Monday, November 28

‘Can you hear me now?’ Study reveals why voices are raised on video calls | Science


From frozen screens to the oblivious person on mute, the trials and tribulations of video calls became familiar challenges as the pandemic forced workers to communicate from their kitchen tables, makeshift offices and boxroom desks.

Now scientists have revealed why we often end up raising our voices at our colleagues: as video quality deteriorates, we speak louder and alter our gestures in an attempt to compensate.

“The gestures that we make while talking, as well as other visual signals such as facial expressions, are truly important and integrated aspects of how we communicate,” said Dr James Trujillo, the first author of the research at Radboud University Nijmegen, in the Netherlands.

“If your Zoom connection is giving you poor video, remember to articulate both your speech and gestures.”

He said previous research had shown that when we cannot hear someone well because of noise, we speak louder, while the team’s recent work had shown that when a video call is very noisy, people make their gestures more noticeable.

“It seems that there is a general tendency for us to put more effort into our speech and gestures when our communication is disrupted by something, such as noise or a poor video connection,” he said.

Writing in the Royal Society Open Science journal, Trujillo and colleagues reported how they analyzed video calls between 20 pairs of participants. For each pair, participants sat in separate rooms and chatted to each other in casual, unscripted conversation over a Zoom-like video call for 40 minutes.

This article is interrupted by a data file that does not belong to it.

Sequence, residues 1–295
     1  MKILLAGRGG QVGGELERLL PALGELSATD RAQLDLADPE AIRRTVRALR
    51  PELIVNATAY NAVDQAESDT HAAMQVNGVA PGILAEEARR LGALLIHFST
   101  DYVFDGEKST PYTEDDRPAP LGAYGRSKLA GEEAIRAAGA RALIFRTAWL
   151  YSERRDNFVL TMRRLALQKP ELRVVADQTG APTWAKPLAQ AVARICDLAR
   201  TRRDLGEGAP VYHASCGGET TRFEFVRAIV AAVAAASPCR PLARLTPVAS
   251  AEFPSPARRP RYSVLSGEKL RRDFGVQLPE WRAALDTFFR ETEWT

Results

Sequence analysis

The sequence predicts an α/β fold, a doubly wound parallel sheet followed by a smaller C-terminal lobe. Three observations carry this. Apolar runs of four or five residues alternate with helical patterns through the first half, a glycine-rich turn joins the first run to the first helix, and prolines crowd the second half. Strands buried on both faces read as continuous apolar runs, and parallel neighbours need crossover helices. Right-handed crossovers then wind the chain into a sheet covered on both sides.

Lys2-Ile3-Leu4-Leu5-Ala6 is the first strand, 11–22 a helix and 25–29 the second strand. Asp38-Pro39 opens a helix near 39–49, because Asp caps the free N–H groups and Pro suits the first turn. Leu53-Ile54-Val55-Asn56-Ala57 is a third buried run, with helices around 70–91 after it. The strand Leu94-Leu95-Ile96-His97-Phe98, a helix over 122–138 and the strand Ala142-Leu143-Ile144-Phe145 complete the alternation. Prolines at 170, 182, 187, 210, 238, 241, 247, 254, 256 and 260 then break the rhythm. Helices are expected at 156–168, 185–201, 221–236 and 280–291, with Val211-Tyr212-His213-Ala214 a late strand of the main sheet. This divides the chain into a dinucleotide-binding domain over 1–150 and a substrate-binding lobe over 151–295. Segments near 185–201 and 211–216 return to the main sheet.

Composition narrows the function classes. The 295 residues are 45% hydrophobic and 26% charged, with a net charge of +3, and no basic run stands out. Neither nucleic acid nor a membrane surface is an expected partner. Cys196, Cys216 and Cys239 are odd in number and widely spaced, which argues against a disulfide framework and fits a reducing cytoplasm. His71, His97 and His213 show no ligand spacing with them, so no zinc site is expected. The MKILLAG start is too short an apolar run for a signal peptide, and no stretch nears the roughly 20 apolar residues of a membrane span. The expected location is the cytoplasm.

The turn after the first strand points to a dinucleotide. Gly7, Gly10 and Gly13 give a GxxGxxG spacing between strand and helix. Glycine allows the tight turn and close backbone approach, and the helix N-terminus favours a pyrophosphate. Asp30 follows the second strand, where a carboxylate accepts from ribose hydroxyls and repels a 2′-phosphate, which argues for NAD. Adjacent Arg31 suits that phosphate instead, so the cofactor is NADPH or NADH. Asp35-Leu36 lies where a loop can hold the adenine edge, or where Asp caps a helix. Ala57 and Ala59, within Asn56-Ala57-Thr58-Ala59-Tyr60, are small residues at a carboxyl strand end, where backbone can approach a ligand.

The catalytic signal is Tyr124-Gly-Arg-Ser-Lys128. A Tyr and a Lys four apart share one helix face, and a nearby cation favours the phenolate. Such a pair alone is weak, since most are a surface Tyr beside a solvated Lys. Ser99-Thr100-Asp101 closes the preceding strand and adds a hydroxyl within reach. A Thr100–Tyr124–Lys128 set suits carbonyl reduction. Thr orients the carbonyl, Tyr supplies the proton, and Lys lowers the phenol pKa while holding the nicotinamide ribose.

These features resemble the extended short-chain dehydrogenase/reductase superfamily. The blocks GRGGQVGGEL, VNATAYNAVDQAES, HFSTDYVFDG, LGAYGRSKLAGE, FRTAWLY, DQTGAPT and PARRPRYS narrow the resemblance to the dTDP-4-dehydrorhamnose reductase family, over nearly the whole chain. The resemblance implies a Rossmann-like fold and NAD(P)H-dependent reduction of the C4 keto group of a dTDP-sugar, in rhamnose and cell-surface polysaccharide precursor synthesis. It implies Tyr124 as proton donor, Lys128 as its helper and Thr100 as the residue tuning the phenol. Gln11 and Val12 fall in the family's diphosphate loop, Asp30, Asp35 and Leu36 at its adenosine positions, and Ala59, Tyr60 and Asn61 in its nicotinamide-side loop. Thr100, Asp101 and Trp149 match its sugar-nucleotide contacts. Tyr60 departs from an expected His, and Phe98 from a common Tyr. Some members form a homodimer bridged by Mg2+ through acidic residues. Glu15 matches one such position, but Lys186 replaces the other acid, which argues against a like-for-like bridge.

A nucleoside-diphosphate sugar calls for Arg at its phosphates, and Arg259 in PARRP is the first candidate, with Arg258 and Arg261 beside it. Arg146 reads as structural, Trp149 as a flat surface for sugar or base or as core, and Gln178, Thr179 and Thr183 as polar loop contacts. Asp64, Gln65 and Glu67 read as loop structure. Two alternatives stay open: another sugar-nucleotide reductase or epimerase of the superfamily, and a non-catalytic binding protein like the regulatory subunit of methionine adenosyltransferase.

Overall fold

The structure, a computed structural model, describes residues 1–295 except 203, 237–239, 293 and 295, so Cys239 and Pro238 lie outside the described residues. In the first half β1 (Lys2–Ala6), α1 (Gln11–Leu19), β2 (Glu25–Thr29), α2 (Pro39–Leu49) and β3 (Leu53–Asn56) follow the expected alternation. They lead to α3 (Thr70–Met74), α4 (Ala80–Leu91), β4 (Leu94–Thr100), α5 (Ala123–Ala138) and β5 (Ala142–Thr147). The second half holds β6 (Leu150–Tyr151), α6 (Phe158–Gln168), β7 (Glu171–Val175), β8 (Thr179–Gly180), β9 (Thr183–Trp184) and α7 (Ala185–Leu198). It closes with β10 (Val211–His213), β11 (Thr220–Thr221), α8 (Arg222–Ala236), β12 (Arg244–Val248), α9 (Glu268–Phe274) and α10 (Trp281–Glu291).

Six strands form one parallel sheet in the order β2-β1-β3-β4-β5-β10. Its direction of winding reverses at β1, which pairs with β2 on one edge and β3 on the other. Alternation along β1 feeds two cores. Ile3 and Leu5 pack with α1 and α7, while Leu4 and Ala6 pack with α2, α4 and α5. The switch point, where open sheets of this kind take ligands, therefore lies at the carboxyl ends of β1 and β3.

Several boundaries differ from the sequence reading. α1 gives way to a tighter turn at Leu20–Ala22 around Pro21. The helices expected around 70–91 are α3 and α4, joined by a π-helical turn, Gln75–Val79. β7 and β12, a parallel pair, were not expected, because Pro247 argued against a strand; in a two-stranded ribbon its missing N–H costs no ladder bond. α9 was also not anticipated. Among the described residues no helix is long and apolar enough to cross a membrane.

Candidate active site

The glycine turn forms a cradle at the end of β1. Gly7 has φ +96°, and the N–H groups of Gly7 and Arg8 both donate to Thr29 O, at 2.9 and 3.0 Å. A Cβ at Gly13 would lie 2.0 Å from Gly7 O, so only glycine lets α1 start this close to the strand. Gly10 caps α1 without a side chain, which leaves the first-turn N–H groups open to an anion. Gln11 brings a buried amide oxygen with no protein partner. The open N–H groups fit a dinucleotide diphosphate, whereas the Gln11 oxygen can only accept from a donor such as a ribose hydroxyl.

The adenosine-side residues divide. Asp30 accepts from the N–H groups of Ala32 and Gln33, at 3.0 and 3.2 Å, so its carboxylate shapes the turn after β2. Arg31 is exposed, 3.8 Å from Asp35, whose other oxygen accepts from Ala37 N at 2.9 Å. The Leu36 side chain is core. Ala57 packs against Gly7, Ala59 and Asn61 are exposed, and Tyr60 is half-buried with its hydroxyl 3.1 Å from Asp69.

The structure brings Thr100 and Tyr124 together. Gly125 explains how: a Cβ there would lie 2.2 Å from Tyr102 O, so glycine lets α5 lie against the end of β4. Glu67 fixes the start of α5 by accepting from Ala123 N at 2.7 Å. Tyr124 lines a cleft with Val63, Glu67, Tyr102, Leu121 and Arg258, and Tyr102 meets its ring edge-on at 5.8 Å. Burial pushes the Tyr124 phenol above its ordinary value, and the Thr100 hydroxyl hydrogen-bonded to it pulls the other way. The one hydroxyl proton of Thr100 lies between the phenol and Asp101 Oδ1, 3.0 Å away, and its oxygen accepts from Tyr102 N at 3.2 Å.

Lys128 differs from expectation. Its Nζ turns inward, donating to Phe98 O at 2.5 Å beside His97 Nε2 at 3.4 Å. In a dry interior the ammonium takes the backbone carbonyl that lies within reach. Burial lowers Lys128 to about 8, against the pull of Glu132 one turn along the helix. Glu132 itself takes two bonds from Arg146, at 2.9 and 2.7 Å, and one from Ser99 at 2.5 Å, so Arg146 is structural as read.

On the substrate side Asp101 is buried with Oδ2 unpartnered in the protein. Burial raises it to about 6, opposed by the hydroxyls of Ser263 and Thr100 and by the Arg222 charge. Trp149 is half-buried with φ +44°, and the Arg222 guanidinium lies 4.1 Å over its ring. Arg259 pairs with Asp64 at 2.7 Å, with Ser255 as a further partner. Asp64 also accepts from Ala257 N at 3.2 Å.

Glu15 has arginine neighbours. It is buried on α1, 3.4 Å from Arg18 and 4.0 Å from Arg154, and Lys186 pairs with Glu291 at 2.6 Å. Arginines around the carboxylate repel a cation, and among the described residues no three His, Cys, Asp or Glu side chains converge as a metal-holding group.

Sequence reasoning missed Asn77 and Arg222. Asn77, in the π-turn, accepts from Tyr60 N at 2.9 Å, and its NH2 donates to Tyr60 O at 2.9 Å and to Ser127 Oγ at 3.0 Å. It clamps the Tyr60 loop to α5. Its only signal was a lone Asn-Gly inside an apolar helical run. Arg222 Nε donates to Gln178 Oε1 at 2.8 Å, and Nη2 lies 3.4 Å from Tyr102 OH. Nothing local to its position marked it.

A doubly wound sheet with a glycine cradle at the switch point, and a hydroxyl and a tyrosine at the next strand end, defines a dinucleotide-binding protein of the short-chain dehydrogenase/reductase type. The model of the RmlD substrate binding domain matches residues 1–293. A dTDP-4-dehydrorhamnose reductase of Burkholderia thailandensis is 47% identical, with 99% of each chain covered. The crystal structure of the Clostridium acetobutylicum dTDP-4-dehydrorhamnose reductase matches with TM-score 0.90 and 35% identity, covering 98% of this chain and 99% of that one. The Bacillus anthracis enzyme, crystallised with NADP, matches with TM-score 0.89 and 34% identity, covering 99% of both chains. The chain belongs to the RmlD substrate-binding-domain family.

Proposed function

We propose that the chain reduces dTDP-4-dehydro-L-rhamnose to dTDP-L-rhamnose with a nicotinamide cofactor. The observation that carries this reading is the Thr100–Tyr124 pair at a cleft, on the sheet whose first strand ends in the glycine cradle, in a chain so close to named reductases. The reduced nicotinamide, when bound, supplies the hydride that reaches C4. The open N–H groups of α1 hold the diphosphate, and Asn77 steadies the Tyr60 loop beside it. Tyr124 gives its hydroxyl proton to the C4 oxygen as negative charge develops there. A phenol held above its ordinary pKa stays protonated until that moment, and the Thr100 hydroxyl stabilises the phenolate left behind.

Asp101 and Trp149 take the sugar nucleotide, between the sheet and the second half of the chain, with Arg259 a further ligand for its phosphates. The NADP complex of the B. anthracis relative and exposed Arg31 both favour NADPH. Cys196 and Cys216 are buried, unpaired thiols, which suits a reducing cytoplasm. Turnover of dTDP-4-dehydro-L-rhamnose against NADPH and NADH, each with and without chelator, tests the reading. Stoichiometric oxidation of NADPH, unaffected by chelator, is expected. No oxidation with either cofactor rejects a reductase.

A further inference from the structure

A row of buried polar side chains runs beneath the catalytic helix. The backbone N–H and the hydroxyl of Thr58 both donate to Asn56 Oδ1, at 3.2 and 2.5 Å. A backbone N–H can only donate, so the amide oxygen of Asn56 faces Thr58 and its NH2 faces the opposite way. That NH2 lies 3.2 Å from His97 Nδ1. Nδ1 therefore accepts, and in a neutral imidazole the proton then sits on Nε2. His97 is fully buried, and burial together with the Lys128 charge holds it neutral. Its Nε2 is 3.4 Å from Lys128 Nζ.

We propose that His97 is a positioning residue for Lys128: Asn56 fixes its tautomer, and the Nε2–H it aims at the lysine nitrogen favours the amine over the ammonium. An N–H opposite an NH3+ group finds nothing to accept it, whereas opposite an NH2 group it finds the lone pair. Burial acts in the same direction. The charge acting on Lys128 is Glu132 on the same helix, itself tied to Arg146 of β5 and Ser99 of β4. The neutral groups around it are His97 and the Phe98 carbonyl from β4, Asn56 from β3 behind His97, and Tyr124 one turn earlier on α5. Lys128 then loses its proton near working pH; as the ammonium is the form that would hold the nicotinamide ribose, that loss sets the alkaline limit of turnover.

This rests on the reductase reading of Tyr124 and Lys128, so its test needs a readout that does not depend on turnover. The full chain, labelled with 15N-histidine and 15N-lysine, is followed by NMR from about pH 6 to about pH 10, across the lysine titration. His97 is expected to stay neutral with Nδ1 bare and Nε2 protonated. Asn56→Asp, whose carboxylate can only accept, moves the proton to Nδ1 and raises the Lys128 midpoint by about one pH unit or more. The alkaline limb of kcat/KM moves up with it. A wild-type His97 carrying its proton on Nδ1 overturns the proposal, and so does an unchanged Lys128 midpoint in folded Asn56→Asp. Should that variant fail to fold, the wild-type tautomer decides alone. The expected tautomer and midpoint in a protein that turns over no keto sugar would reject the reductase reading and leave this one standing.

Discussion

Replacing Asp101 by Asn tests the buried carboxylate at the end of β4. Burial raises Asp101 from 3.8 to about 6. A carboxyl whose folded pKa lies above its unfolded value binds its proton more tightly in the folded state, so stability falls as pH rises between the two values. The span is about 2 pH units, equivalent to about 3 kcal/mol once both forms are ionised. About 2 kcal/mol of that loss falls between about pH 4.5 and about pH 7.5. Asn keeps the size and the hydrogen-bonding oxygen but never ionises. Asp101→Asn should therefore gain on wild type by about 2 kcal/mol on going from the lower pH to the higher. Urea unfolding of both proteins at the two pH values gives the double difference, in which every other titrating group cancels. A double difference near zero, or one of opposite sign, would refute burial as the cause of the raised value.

Over the course of the call, the quality of the video was changed in 10 steps between excellent and completely blurred, with half of the pairs experiencing improving video quality over the call, and half having it deteriorate. The video quality during the call at each step was the same for both participants.

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The researchers tracked the gestures of participants and aspects of their speech during the calls.

It revealed that as video quality deteriorated, participants initially reduced their arm and body movements while conversing, but as the quality deteriorated further, they moved them more. However, the rate, speed and size at which they gestured all increased as video quality initially fell but then decreased as it deteriorated further That, said Trujillo, suggested gestures were, at least initially, becoming bigger but “cleaner”.

The team added that when gestures were not being used, speech was unaffected by decreases in visibility. But when gestures were used, volume increased by up to 5 decibels as video quality initially fell, and then remained at this higher level as video quality deteriorated further – in other words, when gestures ceased to be useful at all.

Trujillo said the results showed communication was not just about speech but that, in the case of spoken language, it was an integrated system of visual and auditory signals that work together to convey meaning.

“To compensate [for poorer video quality]people ‘exaggerate’ the form of their gestures in order to help their partner recognize the meaning of the gesture, even when they cannot see it as well as normal,” he said.

“Although speaking louder probably doesn’t help, the fact that people do it shows how integrated these systems are, particularly since people only speak louder when gestures are present,” Trujillo added. “They know that the gestures being produced are vital to their communication, but their partner is going to have a harder time seeing them. So they increase the strength of the other signal – speech.”

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